Strengthening Our Military, Supporting Our Veterans
America today has the finest [military] the world has ever seen. And with your help, I am committing to ensuring that we have the worlds finest [military] tomorrow and every day after. To do so, we must build forces that draw upon the revolutionary advances in the technology of war that will allow us to keep the peace by redefining war on our terms. Im committed to building a future force that is defined less by size and more by mobility and swiftness, one that is easier to deploy and sustain, one that relies more heavily on stealth, precision weaponry and information technologies.
President George W. Bush, May 25, 2001
Strengthening our Military
Deploying a Missile Defense
- President Bush has increased defense spending by more than one-third the largest increase in a generation.
- The President has increased military research and development by more than 50 percent.
- President Bush signed into law landmark legislation that better prepares our defense establishment to meet the challenges of the 21st century. A military that was designed for the challenges of the mid-to-late 20th century is being transformed into a lighter, more flexible, more agile, and more lethal force one better able to deal with new threats to our national security.
- President Bush announced the most comprehensive restructuring of US military forces overseas since the end of the Korean War. By closing bases no longer needed to meet Cold War threats that have ended, this new initiative will bring home many Cold War-era forces while deploying more flexible and rapidly deployable capabilities in strategic locations around the world.
Strengthening the NATO Alliance
- The President has doubled investment in a missile defense system.
- The United States will soon deploy a functioning missile defense system to protect Americans from nuclear threats posed by rogue regimes and will deploy the first land and sea-based system.
- The United States is acting with the support and cooperation of Australia, Britain, Japan, and other nations to establish a missile defense capability with support sites on multiple continents.
- The Department of Defense has conducted several successful tests of a national missile defense system in which an incoming missile was intercepted and destroyed.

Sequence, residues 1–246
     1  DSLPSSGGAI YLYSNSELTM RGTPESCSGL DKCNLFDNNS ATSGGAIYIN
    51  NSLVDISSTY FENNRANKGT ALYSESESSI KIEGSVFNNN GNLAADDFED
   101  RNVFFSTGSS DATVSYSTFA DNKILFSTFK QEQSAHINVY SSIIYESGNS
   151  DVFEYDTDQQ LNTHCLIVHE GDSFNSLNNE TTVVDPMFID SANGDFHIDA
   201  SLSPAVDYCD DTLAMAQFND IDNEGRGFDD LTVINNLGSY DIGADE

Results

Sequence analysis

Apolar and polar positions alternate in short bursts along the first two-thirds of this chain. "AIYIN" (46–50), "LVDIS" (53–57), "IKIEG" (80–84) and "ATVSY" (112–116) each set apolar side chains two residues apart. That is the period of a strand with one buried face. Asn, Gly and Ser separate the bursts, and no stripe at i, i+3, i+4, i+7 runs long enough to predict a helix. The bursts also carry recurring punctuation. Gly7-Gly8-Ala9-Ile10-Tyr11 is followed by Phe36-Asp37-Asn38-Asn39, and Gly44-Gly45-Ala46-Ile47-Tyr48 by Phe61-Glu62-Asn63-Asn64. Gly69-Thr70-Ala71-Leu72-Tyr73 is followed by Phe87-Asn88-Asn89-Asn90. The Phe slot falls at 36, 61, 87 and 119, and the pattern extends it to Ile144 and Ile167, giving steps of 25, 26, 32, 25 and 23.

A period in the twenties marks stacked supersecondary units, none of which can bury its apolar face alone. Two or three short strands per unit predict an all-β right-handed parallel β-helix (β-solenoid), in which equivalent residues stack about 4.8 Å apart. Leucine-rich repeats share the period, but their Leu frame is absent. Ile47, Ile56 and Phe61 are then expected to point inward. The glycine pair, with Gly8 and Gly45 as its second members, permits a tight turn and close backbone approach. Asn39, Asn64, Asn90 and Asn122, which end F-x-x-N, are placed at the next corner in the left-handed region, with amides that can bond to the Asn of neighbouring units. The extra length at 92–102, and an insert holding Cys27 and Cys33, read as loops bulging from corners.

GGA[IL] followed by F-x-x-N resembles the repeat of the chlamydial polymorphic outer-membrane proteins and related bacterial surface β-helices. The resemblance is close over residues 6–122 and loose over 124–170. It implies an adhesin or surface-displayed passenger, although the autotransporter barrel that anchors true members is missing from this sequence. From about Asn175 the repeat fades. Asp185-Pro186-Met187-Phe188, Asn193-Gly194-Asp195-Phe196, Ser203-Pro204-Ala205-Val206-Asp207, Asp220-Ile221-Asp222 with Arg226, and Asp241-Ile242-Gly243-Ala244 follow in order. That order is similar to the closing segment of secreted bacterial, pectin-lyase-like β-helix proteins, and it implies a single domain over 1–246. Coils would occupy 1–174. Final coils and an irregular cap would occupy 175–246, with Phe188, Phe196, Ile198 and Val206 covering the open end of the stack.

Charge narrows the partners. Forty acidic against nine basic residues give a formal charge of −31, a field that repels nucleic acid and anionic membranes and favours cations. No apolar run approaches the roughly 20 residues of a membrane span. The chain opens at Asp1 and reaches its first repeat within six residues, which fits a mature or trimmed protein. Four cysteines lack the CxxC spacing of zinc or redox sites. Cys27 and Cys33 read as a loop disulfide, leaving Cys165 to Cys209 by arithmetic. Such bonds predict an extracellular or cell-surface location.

Supporting Military Families and Veterans
- President Bush has been a leader in transforming NATO to make it effective in the 21st century and the global war on terror.
- In 2004, NATO welcomed seven new members from Central and Eastern Europe into the Alliance.
- NATO leaders and Russian President Vladimir Putin created the NATO-Russia Council to facilitate consultation and joint action.
- The Alliance commands the International Security Assistance Force (consisting of more than 6,000 troops) that is helping secure and rebuild a free Afghanistan. Afghanistan is NATOs first mission outside of Europe.
- NATO allies are contributing troops to the coalition in Iraq and NATO leaders have agreed to help train Iraqs new security forces.
- NATO launched the Istanbul Cooperation Initiative, which will increase cooperative security efforts with the broader Middle East in areas including counterterrorism and halting the proliferation of weapons of mass destruction.
- The United States proposed with Norway a measure to adopt a zero tolerance policy on human trafficking in areas of NATO operations. NATO will develop specific measures to support local efforts to combat trafficking. Two hundred thousand victims of trafficking are transported through the Balkans each year, a region where NATO has a significant presence.
- Since President Bush took office, basic pay for service members has increased by more than 20 percent and the increase in payments for food and housing combined has reached 50 percent.
- Funding for child care services has increased by $21.5 million.
- The Military Family Tax Relief Act of 2003 provides tax relief and other benefits to members of the armed services and their families.
- President Bush has proposed unprecedented levels of funding for veterans. His 2005 budget represents an increase in overall funding for our nations veterans by almost $20 billion or 40 percent since 2001. The President has increased funding for our veterans more in four years than funding was increased in the previous eight years.
- Since 2001, President Bushs four budgets for the Department of Veterans Affairs (VA) have provided a more than 40 percent increase in veterans medical care spending alone.
- Changes have been implemented to ensure that veterans receive timely, quality medical care. Waiting lists for medical care have been essentially eliminated and the processing time for disability claims has been reduced by 30 percent.
- The Presidents budgets have allowed 2.5 million more veterans to enroll for health care; outpatient visits to increase from 44 million to 54 million; the number of prescriptions filled to increase from 98 million to 116 million; and 194 new community-based clinics to open.
- President Bush has twice signed legislation effectively providing concurrent receipt of both military retired pay and disability compensation for those military retirees most deserving, combat injured and highly disabled, reversing a century-old law.
- The President has committed $1.5 billion in his 2004 and 2005 budgets to increase outpatient health care services for veterans, to build new hospitals, and to modernize or replace outdated pre-World War II facilities. Through the Capital Asset Realignment for Enhanced Services (CARES) plan, the VA is working to better distribute its network of clinics and hospitals so that the vast majority of veterans are within 30 miles of a VA community-based outpatient clinic or similar facility.